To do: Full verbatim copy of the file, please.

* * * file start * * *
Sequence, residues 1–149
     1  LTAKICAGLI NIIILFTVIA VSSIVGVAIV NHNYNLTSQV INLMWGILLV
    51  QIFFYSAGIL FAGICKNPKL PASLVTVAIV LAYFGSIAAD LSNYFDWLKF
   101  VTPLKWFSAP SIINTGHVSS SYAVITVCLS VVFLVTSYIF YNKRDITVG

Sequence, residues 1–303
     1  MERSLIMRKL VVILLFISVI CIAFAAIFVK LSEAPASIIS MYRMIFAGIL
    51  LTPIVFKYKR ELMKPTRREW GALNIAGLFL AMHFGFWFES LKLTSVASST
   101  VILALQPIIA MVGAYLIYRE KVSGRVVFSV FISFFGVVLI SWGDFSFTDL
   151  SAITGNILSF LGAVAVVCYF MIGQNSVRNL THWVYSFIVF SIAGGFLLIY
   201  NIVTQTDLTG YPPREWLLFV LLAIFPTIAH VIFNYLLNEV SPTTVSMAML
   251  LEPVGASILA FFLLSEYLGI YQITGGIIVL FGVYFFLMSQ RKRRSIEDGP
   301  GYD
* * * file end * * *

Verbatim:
Sequence, residues 1–149
     1  LTAKICAGLI NIIILFTVIA VSSIVGVAIV NHNYNLTSQV INLMWGILLV
    51  QIFFYSAGIL FAGICKNPKL PASLVTVAIV LAYFGSIAAD LSNYFDWLKF
   101  VTPLKWFSAP SIINTGHVSS SYAVITVCLS VVFLVTSYIF YNKRDITVG

Sequence, residues 1–303
     1  MERSLIMRKL VVILLFISVI CIAFAAIFVK LSEAPASIIS MYRMIFAGIL
    51  LTPIVFKYKR ELMKPTRREW GALNIAGLFL AMHFGFWFES LKLTSVASST
   101  VILALQPIIA MVGAYLIYRE KVSGRVVFSV FISFFGVVLI SWGDFSFTDL
   151  SAITGNILSF LGAVAVVCYF MIGQNSVRNL THWVYSFIVF SIAGGFLLIY
   201  NIVTQTDLTG YPPREWLLFV LLAIFPTIAH VIFNYLLNEV SPTTVSMAML
   251  LEPVGASILA FFLLSEYLGI YQITGGIIVL FGVYFFLMSQ RKRRSIEDGP
   301  GYD